Our research investigates the importance of interactions between the gut microbiome, diet and the developing immune system in early life. This is an exciting new frontier for human health.
The microbiome educates our immune system
From the moment we are born, our bodies begin to be colonised by trillions of bacteria, fungi and viruses, collectively known as microbiota. Our immune system is developing in parallel, so a baby's gut is the site of dynamic cross-talk between the microbiota and the immune system.
Once we reach adulthood, 70–80 percent of our immune cells reside in the gut. How this vital and interactive environment, the diet-microbiota-immune axis, develops during the first years of life.
Our Translational Immunology team investigates the microbiome’s influence on the development of an optimal immune system and aims to identify potential links with non-communicable diseases such as asthma, allergy, obesity, cardiovascular disease and cancer.
Our Translational Immunology team is led by Dr Olivier Gasser with research in two programmes – infectious disease and inflammatory disease.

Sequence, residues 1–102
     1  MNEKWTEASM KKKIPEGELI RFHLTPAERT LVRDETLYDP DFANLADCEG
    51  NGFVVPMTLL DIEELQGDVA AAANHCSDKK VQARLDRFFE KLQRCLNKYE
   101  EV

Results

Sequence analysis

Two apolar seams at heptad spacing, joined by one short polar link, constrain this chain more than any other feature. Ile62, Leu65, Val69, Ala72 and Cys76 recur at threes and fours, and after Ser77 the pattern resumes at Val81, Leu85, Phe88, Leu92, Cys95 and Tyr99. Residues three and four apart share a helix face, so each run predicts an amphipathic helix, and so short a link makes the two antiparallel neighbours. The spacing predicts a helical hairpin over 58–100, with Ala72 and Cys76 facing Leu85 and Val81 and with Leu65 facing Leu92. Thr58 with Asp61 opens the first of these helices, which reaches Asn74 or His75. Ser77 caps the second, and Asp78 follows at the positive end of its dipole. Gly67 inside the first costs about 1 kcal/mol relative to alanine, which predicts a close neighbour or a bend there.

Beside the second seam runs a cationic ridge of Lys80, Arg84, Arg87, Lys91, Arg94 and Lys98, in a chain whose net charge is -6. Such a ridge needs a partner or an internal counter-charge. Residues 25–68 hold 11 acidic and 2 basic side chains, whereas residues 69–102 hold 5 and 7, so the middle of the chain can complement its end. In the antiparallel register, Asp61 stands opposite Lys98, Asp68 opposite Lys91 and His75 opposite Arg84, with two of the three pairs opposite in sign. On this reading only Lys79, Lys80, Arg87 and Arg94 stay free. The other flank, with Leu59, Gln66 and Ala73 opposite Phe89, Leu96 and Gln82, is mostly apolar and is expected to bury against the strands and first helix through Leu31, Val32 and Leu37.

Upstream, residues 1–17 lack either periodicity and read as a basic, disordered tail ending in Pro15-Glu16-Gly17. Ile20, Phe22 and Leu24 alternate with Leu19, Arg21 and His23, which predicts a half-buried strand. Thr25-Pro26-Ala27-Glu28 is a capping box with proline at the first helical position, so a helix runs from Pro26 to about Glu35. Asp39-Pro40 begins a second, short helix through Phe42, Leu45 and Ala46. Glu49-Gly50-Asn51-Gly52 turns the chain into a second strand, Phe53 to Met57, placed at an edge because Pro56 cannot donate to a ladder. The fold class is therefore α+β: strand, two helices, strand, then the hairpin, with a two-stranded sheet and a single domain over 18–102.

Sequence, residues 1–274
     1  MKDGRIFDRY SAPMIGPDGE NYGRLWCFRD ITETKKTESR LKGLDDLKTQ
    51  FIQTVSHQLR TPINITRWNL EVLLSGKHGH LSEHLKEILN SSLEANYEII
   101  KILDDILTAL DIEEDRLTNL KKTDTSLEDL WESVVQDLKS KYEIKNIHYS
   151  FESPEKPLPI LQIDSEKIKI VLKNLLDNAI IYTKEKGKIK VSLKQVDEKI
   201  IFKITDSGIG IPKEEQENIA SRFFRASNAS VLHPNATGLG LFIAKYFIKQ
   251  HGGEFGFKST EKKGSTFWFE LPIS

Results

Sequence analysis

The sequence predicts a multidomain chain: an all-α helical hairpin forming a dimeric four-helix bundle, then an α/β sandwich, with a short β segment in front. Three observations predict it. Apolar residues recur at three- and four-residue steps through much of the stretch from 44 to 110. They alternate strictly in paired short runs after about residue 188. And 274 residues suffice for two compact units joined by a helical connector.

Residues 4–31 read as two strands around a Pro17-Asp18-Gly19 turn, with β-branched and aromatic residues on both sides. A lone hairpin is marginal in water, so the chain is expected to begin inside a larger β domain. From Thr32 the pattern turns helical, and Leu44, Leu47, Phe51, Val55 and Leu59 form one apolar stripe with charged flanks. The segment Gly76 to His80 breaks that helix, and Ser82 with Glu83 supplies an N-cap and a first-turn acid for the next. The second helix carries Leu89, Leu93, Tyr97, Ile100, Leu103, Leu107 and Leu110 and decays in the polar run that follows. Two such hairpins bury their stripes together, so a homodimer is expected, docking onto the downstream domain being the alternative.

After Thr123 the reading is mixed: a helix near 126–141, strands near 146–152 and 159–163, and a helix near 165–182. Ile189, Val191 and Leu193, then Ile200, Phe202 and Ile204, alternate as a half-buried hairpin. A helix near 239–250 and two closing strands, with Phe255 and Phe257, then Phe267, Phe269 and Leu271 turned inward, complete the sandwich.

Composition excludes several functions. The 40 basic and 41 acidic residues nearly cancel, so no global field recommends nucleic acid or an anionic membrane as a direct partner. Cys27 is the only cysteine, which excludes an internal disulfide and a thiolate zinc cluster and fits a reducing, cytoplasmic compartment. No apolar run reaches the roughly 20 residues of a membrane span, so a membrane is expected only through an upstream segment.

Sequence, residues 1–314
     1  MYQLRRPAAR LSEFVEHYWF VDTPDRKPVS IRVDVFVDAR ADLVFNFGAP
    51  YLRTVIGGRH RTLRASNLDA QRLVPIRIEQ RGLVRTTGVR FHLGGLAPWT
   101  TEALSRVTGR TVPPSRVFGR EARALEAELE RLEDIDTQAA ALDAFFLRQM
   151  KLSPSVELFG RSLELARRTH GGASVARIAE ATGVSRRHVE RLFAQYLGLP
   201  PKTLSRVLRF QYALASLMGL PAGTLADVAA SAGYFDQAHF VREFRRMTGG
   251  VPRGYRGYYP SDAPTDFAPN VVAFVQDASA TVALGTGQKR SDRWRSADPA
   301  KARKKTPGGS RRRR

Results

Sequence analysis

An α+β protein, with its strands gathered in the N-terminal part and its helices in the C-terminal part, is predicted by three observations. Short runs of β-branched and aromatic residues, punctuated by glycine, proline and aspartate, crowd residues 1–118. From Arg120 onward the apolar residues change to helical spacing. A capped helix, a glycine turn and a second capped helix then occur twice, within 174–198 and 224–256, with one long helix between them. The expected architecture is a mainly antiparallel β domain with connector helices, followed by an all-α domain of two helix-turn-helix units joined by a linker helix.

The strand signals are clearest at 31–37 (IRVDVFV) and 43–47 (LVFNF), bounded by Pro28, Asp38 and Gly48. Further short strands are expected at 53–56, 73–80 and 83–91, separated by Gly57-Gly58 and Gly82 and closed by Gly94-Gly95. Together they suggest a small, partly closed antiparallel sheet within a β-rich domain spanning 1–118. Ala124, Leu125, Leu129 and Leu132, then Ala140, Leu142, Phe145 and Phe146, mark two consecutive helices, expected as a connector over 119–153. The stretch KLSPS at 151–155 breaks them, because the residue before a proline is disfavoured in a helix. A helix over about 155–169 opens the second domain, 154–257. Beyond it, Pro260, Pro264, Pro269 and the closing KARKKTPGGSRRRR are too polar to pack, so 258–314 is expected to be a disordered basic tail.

The infectious disease programme is investigating animal and human antibody responses to flu vaccines.
Our inflammatory disease research is in the following areas:
- Allergic disease in the skin, lung and gut. We are deciphering the immune mechanisms for novel targets that treat and prevent allergic disease. We are also studying the role of food to improve immune outcomes for allergy avoidance.
- Obesity: examining the relationship between the immune system and host metabolism.
- Gut inflammation: researching the mechanisms that regulate intestinal homeostasis and gut health.
Our nutrition & microbiome research requires the use of the Hugh Green Cytometry Core.